A controversial plan to convert an Irvine dog kennel into a shelter for homeless people appeared to be doomed Tuesday after federal officials canceled a $496,000 grant to finance the project.
In a letter received Monday by Irvine city officials, Thomas Demery, assistant secretary of the U.S. Department of Housing and Urban Development, said the grant was being rescinded because the proposed site for the shelter was "environmentally unacceptable."
The letter left the door open for an alternate site, but city officials said there were no other feasible sites.
The letter said the decision was based on "new information from the Department of Defense" about noise from jets passing overhead from nearby El Toro Marine Corps Air Station.
Mile From Base
Based on information supplied HUD by Marine officials at El Toro, the shelter is squarely in the path of one of the base's busiest runways. The proposed shelter in the 15000 block of Sand Canyon Avenue would be less than a mile from the air base.
In the past, the military has objected to any new construction in the area because of its proximity to the heavily used base.
In a memo to HUD, Marine Col. J. M. Wagner said families housed at the shelter would experience frequent "interference . . . because of the high noise levels" from base aircraft.
Opponents of the kennel conversion have expressed concern about jet noise and how it might affect shelter residents.
Without the HUD grant, city officials say, it is unlikely that the plan to remodel the vacant kennel into a 50-bed shelter for homeless Irvine families can be carried out. The bulk of the conversion and operating costs for the shelter's first five years were to come from the grant, which HUD awarded to the city in early October.
Assistant City Manager Paul Brady Jr. said the city cannot afford to step in and finance the project on its own.
City officials also learned in Demery's letter that a second grant application for nearly $700,000 to purchase modular units to be located near the converted kennel at the Irvine Animal Care Center also has been rejected because of the perceived noise threat from jets at that site. The city had not been awarded that money.
But the possibility that a homeless shelter could be built elsewhere remains. In his letter, Demery told Irvine officials that they still may receive the $496,000 grant if they find an acceptable alternative site in the city.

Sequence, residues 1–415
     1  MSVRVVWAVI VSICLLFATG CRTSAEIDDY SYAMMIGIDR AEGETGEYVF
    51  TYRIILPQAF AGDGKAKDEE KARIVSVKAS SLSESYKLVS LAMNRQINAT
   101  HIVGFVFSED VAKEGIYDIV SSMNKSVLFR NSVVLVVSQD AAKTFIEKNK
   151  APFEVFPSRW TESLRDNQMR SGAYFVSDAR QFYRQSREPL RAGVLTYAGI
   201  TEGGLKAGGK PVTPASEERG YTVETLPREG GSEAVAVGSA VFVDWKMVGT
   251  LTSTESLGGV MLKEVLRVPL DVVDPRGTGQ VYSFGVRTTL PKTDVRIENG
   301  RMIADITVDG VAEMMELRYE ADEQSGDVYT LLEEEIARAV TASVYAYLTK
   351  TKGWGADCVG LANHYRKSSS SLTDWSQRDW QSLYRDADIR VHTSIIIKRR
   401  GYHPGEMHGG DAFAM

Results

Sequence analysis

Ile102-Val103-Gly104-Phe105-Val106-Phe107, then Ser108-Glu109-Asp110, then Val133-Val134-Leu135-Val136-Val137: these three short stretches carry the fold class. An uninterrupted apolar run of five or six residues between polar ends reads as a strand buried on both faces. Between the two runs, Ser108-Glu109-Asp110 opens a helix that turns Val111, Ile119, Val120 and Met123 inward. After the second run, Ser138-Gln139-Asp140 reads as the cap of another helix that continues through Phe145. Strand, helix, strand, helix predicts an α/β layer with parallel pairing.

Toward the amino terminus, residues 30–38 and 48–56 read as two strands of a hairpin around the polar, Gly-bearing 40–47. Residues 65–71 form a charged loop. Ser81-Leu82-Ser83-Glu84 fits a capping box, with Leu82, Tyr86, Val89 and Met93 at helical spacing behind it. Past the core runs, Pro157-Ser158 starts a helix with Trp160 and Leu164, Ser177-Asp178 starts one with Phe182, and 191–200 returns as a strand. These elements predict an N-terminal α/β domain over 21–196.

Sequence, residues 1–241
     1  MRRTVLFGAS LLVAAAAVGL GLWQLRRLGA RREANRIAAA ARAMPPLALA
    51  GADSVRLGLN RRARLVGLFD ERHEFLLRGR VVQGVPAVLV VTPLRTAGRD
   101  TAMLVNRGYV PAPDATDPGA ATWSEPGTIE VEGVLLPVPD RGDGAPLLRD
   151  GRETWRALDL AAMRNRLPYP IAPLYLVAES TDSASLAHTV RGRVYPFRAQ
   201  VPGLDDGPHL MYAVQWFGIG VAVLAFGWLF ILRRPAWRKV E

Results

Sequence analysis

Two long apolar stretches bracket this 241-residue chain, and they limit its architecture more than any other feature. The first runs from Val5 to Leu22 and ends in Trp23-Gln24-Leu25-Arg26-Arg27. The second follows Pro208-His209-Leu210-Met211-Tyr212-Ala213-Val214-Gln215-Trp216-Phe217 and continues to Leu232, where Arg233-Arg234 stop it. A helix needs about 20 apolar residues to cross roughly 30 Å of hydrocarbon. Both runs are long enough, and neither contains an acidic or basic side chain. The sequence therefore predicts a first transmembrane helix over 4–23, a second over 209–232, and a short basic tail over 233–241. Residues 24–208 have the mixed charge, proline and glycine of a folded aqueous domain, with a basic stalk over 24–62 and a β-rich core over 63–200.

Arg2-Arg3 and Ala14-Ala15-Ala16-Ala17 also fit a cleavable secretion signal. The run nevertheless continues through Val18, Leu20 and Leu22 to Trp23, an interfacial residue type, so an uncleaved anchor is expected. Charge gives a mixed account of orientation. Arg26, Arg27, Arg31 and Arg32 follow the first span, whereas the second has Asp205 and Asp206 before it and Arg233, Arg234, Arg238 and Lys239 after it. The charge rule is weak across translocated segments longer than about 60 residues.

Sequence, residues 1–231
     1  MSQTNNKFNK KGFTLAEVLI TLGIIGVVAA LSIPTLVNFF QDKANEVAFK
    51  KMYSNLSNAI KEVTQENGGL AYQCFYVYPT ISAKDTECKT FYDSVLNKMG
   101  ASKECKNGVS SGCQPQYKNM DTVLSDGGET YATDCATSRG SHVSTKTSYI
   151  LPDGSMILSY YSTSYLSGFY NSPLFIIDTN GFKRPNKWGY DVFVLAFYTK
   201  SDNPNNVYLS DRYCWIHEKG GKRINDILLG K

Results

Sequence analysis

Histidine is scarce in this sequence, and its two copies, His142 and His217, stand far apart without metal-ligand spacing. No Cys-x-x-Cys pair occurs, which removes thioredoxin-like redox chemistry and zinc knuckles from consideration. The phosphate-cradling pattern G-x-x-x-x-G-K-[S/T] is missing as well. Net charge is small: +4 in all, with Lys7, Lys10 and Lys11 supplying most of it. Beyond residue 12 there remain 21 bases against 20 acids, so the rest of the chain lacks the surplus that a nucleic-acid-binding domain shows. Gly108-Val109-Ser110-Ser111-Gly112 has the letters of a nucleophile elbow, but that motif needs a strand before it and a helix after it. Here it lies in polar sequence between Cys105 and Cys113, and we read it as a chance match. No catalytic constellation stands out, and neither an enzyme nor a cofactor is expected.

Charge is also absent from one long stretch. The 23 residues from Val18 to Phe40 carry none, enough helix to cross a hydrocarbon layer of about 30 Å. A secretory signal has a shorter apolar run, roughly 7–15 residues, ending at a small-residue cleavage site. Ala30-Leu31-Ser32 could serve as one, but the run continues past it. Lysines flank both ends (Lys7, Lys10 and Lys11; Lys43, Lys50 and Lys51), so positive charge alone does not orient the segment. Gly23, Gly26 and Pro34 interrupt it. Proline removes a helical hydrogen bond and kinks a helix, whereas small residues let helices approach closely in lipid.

Mayor Larry Agran said the matter will be considered at the City Council's next meeting, Dec. 15.
Agran, the leading advocate of the project, called the noise issue "ridiculous." A 100-room hotel opened recently down the street from the animal shelter, he said, and the city's first hospital is being built less than 1 1/2 miles away.
"The city over the years has granted approval for commercial, industrial and institutional development in precisely this area," Agran said. "In all instances the city complied with local, state and federal law."
Agran said HUD's change of heart about the grant "smells of outside political interference." He said Rep. Robert E. Badham (R-Newport Beach) had intervened on behalf of project opponents in previous efforts to persuade HUD to cancel the grant.
"I can only presume that political pressure has prompted this bizarre and perhaps illegal effort by HUD to withdraw the grant," Agran said.
In Washington, Badham denied late Tuesday that he was a part of any "behind-the-scenes deal" to cancel the grant. "I resent that accusation," he said, adding that he had not heard about HUD's decision until Tuesday.
'What Was Proper'
Badham, whose 40th District includes Irvine, said he simply forwarded a number of concerns about the proposal to HUD and asked the agency to review its decision. "I did what is proper for an elected representative," he said.
However, Badham added that if he were an Irvine resident, "I would have been outraged . . . that the City of Irvine, one of the wealthiest cities in the country, was asking for a $500,000 grant at a time this nation is facing a major budget crunch."
Councilman C. David Baker, who opposed the kennel conversion with Councilwoman Sally Anne Miller, said Sen. Pete Wilson (R-California) also played a role in persuading HUD to deny Irvine the grant, but it was unclear late Tuesday to what degree. Attempts to reach Wilson Tuesday night were unsuccessful.
Baker said he had "mixed emotions" about HUD's action. He said converting the kennel was a "bad idea when proposed last summer and it's still a bad idea now." And he said he believes that Irvine Temporary Housing, the nonprofit city group that supported the project and would have operated the shelter, has been hurt by the divisive debate surrounding the proposal, which has attracted national attention.
"It is tragic that ITH has suffered some apparent damage from the dog shelter issue," said Baker, referring to the group's recent financial troubles. ITH has set a self-imposed Dec. 15 deadline to raise $8,000 or consider closing its doors.
Baker said the city should now push to expand ITH's current program of placing homeless families in five apartments scattered around the city.
Officials at HUD could not be reached for comment.
Experts believe that up to 30 families may be homeless every night in Irvine. A survey of churches and shelters undertaken by a city task force found that nearly 400 men, women and children from Irvine turned up at shelters in the county during the first six months of this year.
Agran has pushed for a central shelter so the city "can do its fair share" to ease the homeless crunch in Orange County.
The plan grew into a controversial issue and was approved by the City Council on a 3-2 vote in October.